Medical Education: Outcomes and Opportunities| Volume 336, ISSUE 2, P151-155, August 2008

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Surviving Disaster: Assessment of Obstetrics and Gynecology Training at Louisiana State University-New Orleans Before and After Hurricane Katrina



      After Hurricane Katrina, the 2 primary teaching sites for Louisiana State University Health Sciences Center in New Orleans were destroyed. In this study, we examine the measures the Louisiana State University Department of Obstetrics and Gynecology took to provide uninterrupted education for Obstetrics and Gynecology residents and the outcome of those measures.


      Information was gathered from the program director’s office and the Accreditation Council for Graduate Medical Education website. Resident turnover during the disaster and where residents trained before and after Katrina were tabulated. Council on Resident Education in Obstetrics and Gynecology scores, obstetric statistics, and American Board of Obstetrics and Gynecology pass rates before and after Katrina were analyzed for significant differences from year to year.


      After Katrina, all residents were shifted to other teaching sites in the state, and the program gained 2 additional private teaching sites. The department lost 10 residents in the year following Katrina and replaced them with 5 new residents for the next academic year. There was no significant difference in Council on Resident Education in Obstetrics and Gynecology scores for individual residents from 2004 to 2006, and the median score for the program has not changed significantly for the past 4 years. The only number that has changed is the number of cesarean sections performed by second-year residents, which decreased significantly from 2005–2006 to 2006–2007 but has stabilized over the last year. The classes of 2004–2006 had 100% pass rates on the written American Board of Obstetrics and Gynecology examination, with 1 failure in 2007.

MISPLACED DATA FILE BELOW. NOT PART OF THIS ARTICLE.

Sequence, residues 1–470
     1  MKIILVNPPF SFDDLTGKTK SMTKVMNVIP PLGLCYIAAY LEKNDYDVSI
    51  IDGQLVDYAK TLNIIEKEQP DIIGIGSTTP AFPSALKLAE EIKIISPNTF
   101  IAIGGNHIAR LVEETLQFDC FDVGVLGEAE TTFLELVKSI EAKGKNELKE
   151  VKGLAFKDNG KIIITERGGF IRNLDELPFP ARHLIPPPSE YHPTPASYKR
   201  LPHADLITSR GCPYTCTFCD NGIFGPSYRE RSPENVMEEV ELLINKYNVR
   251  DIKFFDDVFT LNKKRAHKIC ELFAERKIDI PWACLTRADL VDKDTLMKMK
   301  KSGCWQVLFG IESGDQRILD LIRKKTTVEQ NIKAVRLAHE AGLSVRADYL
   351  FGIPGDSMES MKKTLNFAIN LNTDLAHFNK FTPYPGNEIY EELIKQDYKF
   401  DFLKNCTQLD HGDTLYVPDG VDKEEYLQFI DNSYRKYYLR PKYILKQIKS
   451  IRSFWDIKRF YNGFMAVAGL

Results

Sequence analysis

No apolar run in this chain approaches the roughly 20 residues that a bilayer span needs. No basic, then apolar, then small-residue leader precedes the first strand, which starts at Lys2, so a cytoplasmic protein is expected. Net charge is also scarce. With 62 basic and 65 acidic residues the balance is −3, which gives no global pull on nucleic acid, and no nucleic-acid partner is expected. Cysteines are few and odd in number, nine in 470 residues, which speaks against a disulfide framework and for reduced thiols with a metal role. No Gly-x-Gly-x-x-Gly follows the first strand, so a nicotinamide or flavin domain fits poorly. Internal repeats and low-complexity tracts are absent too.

The Obstetrics and Gynecology program at Louisiana State University Health Sciences Center provided uninterrupted training for residents through cooperation with other Louisiana State University facilities and private institutions in the state. We saw a small decrease in the number of cesarean sections performed by our second-year residents 1 year after Katrina; however, the rest of the resident experience has remained stable.


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